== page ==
Follow these steps:
1. On the Apple TV, navigate to Settings > General > Remotes > Learn Remote. If you’re using a universal remote, choose an unused device on the remote, then select Start on the screen.
The Apple TV walks you through the process.
2. For each button shown on the Learn Remote screen, hold down the corresponding button on your remote until the bar at the bottom of the screen is full (Figure 10). If you make a mistake, press the Menu button on the Apple Remote to back out and start again from the beginning.
Figure 10: You can choose almost any button on your remote to stand in for various Apple TV commands, including some commands that you won’t find on the Apple Remote.
3. Enter a name for the remote. (As always with the Apple TV, typing goes faster with the Remote app or a keyboard).
After entering a name, you’re technically done, but you’ll notice one button missing in the guided setup: the Play/Pause button!
4. Unless you’ve run out of extra buttons on your remote, select Set Up Playback Buttons to see options for not only play and pause, but also rewind and fast forward, previous and next chapter, and even skip back and skip ahead (which rewind or fast-forward your media 30 seconds). Set these just as you set the basic buttons, except to skip a button, press the Right dot on your Apple Remote.
The Remotes screen now lists your remote, using the name you gave it, under Other Remotes.
Tip: If you can make buttons on your TV remote do double-duty for the Apple TV without causing confusion, you can get by with a single remote that can turn on the TV, adjust volume, and control the Apple TV.
If you later decide that the buttons you chose aren’t ideal, you can make changes by navigating to Settings > General > Remotes and selecting your remote from the list. You can rename the remote, delete it entirely, or redo the basic or playback buttons.
Run the Remote App
One of the best features of the Apple TV is that you can control it with your iPhone, iPad, or iPod touch. You can use the touch screen to navigate menus, and better yet, you can enter text directly with the onscreen keyboard instead of hunting and pecking with the Apple Remote. You can even access content from a Home Sharing-enabled iTunes library with the touch of a button!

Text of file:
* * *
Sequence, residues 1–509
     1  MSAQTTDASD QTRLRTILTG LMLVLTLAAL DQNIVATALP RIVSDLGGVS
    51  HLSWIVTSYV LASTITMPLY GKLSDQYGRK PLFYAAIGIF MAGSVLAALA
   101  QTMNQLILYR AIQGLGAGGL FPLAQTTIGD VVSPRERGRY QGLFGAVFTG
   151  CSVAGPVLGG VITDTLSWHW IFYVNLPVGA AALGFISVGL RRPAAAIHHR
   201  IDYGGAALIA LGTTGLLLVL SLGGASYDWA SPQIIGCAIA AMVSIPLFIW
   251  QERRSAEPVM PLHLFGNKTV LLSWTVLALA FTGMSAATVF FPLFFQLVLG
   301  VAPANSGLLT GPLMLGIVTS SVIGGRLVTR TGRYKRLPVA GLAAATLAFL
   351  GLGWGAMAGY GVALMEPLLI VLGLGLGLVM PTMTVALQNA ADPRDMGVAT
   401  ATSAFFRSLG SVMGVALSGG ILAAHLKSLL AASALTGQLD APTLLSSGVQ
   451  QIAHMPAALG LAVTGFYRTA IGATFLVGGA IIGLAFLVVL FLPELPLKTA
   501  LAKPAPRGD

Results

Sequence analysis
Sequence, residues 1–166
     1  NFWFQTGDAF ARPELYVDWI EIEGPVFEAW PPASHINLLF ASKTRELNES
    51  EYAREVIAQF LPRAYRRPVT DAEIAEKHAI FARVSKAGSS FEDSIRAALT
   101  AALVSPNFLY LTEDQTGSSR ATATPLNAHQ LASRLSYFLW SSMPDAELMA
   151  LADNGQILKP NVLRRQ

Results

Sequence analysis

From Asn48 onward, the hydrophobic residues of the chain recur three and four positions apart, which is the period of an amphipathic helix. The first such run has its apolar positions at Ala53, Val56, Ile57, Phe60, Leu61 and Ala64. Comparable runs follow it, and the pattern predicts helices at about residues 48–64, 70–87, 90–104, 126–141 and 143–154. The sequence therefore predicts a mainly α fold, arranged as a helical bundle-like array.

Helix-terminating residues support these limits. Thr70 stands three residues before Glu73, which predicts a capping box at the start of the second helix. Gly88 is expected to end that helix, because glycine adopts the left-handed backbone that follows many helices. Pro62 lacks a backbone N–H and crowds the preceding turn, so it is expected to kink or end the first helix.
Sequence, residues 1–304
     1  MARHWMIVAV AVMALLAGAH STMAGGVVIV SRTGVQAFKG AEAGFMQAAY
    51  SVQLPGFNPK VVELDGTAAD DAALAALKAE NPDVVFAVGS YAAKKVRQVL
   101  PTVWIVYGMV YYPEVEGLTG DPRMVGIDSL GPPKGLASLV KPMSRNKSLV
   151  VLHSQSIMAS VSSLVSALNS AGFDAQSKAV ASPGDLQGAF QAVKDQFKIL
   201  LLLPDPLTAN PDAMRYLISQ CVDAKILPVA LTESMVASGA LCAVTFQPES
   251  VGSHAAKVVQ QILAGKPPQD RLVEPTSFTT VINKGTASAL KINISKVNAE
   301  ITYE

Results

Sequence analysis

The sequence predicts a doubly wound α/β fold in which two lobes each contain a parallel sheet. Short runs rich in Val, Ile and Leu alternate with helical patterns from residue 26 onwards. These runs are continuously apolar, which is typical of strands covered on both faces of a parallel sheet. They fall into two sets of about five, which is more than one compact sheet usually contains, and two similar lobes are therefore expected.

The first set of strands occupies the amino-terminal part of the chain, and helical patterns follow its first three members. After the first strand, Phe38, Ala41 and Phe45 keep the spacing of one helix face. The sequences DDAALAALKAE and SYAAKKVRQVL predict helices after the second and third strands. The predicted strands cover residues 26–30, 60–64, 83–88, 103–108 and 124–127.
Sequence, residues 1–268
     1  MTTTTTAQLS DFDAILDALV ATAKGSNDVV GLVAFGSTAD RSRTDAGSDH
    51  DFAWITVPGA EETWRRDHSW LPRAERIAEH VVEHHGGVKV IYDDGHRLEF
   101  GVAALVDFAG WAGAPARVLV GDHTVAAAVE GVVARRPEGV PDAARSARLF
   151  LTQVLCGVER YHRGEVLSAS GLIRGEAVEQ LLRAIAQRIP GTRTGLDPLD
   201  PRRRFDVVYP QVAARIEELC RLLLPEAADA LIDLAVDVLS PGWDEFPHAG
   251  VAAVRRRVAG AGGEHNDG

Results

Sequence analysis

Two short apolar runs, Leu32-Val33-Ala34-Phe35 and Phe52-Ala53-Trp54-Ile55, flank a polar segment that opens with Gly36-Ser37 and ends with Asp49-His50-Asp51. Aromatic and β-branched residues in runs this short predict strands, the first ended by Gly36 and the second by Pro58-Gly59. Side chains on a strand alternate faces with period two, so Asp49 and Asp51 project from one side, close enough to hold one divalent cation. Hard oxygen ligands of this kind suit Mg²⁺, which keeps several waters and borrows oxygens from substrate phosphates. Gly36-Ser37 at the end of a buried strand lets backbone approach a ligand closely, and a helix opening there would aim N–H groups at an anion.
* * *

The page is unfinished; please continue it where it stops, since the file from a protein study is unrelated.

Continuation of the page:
Set Up the Remote App
To get started, download the free Remote app from the App Store.
Note: The Remote app works over Wi-Fi, so your iOS device and Apple TV must be on the same network.
Once the Remote app is installed, open it to its main screen. To use it with your Apple TV, tap Set Up Home Sharing (Figure 11, left), then enter the Apple ID credentials that you use for Home Sharing. If you don’t have Home Sharing enabled on your Mac, Remote instructs you to go turn it on.
Next, you see a grid of available devices you can control from the app (Figure 11, right).
Figure 11: Apple’s Remote app works via iTunes Home Sharing and lets you control multiple Apple TVs and Mac-based iTunes libraries.
If your Apple TV isn’t shown in the grid, enable Home Sharing on the Apple TV: Open Settings > General > Remotes > Remote App. Select Turn On Home Sharing, and enter your Apple ID credentials. After you’re logged in, you’ll be asked if you’d like to use that Apple ID for the iTunes Store, if you haven’t already set that up. Select Yes to save yourself some typing later if you use the same account for Home Sharing and the iTunes Store.
A screen appears, telling you that Home Sharing is on. Select OK to finish.
Tip: Once you’ve enabled Home Sharing on the Apple TV, it can also access any Mac-based iTunes libraries on the local network that are signed into the same iTunes account; see Content from Your iTunes Library to learn more.
Set Up the Remote App without Home Sharing
Maybe you want to set up the Remote app on a device without giving that device Home Sharing access. For instance, you want your kids to be able to use the app without accessing your stash of R-rated movies.
Start up the Remote app and tap “Add a Device.” On the Apple TV, open Settings from the main menu and choose General > Remotes and select the name of your iOS device under the iOS Remotes heading (the Remote app will tell you the name of your device if you don’t know it).
You’re then prompted to enter the four-digit code from the Remote app. Use Up and Down to select the number, and Right to move to the next one. Select Done when finished.
To unpair the Remote app, select it again in General > Remotes, and select Remove when prompted.
Use the Remote App on the iPhone
Let’s take a tour of what you can do with the Remote app. Open it and choose your Apple TV from the list of options.